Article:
starring Peter Sellers, the one in which he played Dr. Strangelove: How I Learned to Stop Worrying and Love the Bomb.
Although Kuhn, no less than Polanyi, wanted to restrict both the interrogation and appropriation of scientific authority, this concern remains muted in the pages of Structure. Indeed, social scientists were attracted to Kuhn’s book precisely because it seemed to provide a blueprint for how a community of inquirers can constitute themselves as a science, regardless of their subject matter. The fact that Structure draws its historical examples almost entirely from physics and chemistry was conveniently overlooked.  In short, Kuhn’s interest in generalizing Polanyi’s account of scientific authority meant that he had to detach that account from the local squabbles in which Polanyi first developed it. However, this move, in turn, created a free-floating legitimating narrative - a “myth,” properly speaking - that could be used by any discipline in need of boosting its status: quite the opposite of what either Polanyi or Kuhn would have wanted. The disembedded character of Structure’s narrative was not lost on fellow historicists Hanson and Toulmin, both of whom suspected Kuhn of having interdefined his key terms, especially “paradigm” and “revolution,” to such an extent that there was no way for a discipline to have a paradigm without a revolution, and vice versa.  The twin specters of tautology and unfalsifiability that Hanson and Toulmin raised against Kuhn were, of course, bugaboos to the philosophical mind, but safe havens for fields in need of legitimation.
Here it is worth recalling an astute account of the social function of narrative recently suggested by literary critic J. Hillis Miller.  Miller argues that narratives can sublimate the potentially disruptive character of social change in two ways. On the one hand, a narrative can script such change through the re-enactment of a sequence of events that in the past had enabled others to reach a social status similar to the one currently desired. The clearly labeled plot structure of Kuhn’s account of scientific change contributes to this function well, as it allows others to see that one’s discipline is behaving as a science would at a certain stage in its development. On the other hand, a narrative can effect a subtler social channeling, one that operates as a safety valve for dissipating subversion. In this case, the wording of the narrative incorporates, typically by extended metaphor, elements that threaten the social order which sustains the narrative’s legitimacy. An evocative expression (not Miller’s) that captures this function is verbal co-optation. The desired effect is that the threatening elements are contained by severing any connection that they might have to a world outside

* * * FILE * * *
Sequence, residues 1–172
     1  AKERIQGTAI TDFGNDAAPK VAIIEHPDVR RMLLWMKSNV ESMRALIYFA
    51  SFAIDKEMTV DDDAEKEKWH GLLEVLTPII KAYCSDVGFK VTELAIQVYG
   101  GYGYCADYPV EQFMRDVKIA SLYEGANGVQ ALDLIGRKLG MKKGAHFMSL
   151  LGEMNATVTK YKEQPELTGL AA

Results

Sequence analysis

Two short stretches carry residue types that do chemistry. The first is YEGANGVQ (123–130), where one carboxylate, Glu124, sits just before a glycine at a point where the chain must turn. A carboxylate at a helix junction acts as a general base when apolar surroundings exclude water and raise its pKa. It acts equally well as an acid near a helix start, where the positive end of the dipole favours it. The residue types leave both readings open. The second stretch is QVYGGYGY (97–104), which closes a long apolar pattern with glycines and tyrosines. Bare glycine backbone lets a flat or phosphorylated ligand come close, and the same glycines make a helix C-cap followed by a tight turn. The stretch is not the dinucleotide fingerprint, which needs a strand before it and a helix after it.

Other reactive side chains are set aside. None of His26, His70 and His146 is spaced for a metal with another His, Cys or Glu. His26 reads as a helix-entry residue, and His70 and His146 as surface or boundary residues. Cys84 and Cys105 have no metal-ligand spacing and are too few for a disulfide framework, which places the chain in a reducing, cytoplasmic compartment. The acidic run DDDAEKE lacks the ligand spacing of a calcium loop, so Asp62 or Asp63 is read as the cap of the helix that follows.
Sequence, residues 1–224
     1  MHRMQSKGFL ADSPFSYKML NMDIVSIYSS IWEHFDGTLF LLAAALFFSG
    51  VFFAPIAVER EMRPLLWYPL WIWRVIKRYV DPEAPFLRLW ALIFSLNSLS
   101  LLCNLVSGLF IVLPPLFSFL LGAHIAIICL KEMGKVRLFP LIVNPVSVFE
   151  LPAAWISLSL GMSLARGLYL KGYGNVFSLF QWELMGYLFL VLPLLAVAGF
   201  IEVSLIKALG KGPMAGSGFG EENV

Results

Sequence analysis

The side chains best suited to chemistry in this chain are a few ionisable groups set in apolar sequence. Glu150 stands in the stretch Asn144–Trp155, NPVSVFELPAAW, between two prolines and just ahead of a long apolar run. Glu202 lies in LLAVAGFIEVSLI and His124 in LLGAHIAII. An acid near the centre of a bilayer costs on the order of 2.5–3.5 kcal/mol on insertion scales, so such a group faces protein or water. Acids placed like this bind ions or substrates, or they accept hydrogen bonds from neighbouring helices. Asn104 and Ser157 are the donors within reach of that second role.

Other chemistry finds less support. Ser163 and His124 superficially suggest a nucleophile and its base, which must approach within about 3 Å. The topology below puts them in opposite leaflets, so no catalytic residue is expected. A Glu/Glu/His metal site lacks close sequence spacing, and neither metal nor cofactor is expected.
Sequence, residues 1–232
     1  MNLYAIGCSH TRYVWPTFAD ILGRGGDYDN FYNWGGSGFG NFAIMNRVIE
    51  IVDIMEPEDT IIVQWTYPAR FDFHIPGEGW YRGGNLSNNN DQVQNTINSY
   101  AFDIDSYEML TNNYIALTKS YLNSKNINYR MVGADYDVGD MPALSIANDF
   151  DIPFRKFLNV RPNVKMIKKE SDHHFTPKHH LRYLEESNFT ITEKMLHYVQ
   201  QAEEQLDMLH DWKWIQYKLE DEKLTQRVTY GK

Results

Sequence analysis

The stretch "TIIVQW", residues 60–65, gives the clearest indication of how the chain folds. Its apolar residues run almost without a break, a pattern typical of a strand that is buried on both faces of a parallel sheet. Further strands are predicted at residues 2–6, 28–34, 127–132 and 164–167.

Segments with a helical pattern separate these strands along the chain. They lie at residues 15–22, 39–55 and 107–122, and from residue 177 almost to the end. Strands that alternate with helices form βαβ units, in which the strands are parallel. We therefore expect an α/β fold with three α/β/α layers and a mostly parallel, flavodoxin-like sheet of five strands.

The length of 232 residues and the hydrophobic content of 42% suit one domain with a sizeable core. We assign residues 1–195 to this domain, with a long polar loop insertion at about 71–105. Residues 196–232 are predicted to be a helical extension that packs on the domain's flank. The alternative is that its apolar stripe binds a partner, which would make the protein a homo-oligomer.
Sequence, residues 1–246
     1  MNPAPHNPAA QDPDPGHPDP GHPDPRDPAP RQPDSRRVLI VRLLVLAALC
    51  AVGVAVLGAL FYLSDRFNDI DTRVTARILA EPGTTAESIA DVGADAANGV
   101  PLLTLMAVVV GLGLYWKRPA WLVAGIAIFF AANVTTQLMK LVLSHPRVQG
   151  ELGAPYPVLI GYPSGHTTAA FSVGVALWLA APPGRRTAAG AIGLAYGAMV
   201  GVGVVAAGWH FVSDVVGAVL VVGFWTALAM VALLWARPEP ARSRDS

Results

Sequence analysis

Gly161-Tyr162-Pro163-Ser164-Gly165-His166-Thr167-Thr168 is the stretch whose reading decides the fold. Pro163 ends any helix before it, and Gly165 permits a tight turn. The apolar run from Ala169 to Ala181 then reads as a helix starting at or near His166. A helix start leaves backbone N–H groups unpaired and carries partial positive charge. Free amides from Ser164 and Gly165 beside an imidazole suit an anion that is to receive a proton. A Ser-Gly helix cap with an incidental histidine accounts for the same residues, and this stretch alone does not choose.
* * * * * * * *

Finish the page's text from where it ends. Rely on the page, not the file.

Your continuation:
102. The restriction of Kuhn’s examples to physics and chemistry reflects the experimental emphasis that Conant placed in designing Natural Sciences 4. Most of these examples are given more extended treatment in Understanding Science, which was later expanded (with Kuhn’s acknowledged help) in Common Sense.
103. Hanson, “A Note on Kuhn’s Method,” Dialogue 4 (1965), 371-375. Toulmin, Human Understanding, 98-130.
104. J. Hillis Miller, “Narrative,” in Critical Terms for Literary Study, ed. F. Lentricchia and T. McLaughlin (Chicago, 1990), 66-79.
the narrative. In the Kuhnian narrative, with its talk of “crises” issuing in “revolutions,” the political economy of science has been so verbally co-opted that Kuhn’s sociological followers, be they Mertonian or SSK, have been able to cast several models of scientific activity in the discourse of political economy without either making links with the larger political and economic scene that sustains Big Science or even drawing much on the empirical and explanatory resources of political science and economics. 
As evidence for this pseudopolitical economy of science that has been sustained by Kuhn’s work, I will focus on the simple locution, “Big Science,” coined by the historian Derek de Solla Price, as that forms the basis for much of the other work in this vein.  Price is generally recognized as the founder of “scientometrics,” the discipline that designs quantitative measures for tracking the growth of knowledge, typically with an eye to science policy concerns. Although Price’s original work was independent of Kuhn’s, scientometricians have subsequently focused on identifying the “life cycle” of scientific specialties, deriving the stages in this cycle from Kuhnian categories of old paradigm – anomalies – crisis – revolution - new paradigm.  Notwithstanding the merit of much of this work, it rests on simplifying assumptions about the international political economy of science that cannot help but contribute to the image of science as a self-contained, self-sufficient enterprise. For example, the major “product” of science is presumed to be the journal article, whose value is measured in terms of the other articles that cite it as instrumental in their own production. What makes today’s science so “big,” then, is the number of articles produced, and especially the exponential rate at which they are being produced. Price justifies his circumscription of scientometrics by appealing to a contrast between the politically motivated accounting procedures that governments use to estimate “research and development” expenditures and the policy of “free trade” and “open markets” demonstrated by the publication practices of scien-